The Basque people have a distinct identity yet have never had their own nation. At times they’ve been oppressed, most recently from 1936, the start of the Spanish Civil War when Franco’s fascists bombed the Basque region, through Franco’s dictatorship until his death in 1975. Basques often say they suffered the most under the dictatorship. Many Catalans say they suffered the most. I’ve heard Castilians say everyone suffered equally. I have no idea who’s right and to be honest I don’t care. The bastard has been dead for 36 years. Time to move on. To keep the ghost of Franco hovering over Spanish politics is to grant him a power he shouldn’t have had in the first place.Spain’s regions enjoy a great deal of autonomy, but the central government is trying to hold them back from full independence. The Basque independence movement is the oldest and loudest. This perfectly legitimate expression of nationalism has been soured by ETA, a terrorist group that has killed more than 800 people and has set off numerous bombs in nonmilitary targets such as airports.

ETA today looks like an anachronism. The military dictatorship is long gone. It’s legal to speak Basque or Catalan, and in fact they are official languages in those regions. Nobody is being tortured for waving a nationalist flag. These things happened under Franco but they are not happening now. I’ve been to Palestine. I’ve been to Kurdistan. I know what oppression looks like, and I’m sorry if this offends the many Basques who’ve been nice to me over the years but the Basques are not an oppressed people.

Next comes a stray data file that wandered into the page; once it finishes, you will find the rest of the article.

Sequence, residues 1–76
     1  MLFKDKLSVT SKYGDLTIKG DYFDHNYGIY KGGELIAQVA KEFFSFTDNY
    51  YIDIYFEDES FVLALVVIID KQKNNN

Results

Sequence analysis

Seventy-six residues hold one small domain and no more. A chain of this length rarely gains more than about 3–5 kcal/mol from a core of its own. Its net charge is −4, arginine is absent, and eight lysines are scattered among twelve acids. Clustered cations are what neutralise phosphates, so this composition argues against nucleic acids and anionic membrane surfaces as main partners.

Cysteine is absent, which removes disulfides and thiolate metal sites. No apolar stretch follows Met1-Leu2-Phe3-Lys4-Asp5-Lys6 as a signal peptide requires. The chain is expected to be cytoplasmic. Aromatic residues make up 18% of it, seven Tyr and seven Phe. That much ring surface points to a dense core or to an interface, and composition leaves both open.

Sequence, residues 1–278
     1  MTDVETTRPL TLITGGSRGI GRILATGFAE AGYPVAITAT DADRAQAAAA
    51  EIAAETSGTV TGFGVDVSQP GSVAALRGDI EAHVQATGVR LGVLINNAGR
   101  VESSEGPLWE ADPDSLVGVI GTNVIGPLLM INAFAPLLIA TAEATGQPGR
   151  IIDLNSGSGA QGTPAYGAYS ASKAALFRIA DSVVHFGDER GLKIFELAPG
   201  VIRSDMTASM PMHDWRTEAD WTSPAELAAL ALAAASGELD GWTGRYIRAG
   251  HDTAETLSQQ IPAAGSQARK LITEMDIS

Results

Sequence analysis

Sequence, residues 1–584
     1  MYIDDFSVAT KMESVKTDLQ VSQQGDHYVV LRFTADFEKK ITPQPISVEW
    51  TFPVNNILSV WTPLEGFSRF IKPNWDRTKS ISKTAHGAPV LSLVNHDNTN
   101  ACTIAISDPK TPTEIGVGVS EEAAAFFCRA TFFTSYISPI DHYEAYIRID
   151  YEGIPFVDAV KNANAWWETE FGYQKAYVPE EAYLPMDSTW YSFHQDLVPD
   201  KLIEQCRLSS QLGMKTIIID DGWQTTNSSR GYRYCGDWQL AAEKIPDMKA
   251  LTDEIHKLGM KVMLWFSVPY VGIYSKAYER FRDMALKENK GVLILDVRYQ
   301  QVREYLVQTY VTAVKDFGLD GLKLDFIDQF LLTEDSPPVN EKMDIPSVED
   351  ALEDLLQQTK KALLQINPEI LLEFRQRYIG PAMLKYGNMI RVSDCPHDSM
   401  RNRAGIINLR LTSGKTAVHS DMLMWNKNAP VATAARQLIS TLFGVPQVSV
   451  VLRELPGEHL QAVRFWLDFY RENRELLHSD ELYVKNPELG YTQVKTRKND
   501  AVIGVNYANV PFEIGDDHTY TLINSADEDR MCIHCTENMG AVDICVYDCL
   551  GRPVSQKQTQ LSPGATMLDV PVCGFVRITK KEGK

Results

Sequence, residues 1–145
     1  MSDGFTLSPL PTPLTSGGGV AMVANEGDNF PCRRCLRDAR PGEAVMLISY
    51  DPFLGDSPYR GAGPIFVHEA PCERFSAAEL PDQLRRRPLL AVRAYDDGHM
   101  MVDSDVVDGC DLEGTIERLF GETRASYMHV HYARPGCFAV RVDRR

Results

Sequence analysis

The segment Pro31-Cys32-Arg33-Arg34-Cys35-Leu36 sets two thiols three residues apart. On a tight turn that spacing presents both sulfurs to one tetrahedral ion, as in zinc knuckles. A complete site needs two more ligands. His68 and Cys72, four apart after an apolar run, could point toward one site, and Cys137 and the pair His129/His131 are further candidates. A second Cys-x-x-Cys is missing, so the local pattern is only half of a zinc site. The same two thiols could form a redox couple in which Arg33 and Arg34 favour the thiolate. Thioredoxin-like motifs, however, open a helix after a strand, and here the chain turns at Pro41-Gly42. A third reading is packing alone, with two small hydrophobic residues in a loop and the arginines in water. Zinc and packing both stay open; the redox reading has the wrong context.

It’s not even clear the majority want independence. I’ve asked several Basques the question, “If there was a referendum tomorrow, would the Basques vote for independence?” All of them said no. Our guide Christina said no, adding she herself wouldn’t vote for it. Our other guide Josu, who’s a member of the separatist Bildu party, replied, “Tomorrow? No. People need to learn why they should want independence.”

The central government in Madrid is helping with that. Its fumbling of the economy, stalemate political fighting, and widespread corruption and incompetence are enough to give anyone thoughts of secession. Having lived in six different countries, however, I’m not sure replacing one group of greedy politicians with another group of greedy politicians who happen to speak the local language is going to solve anything.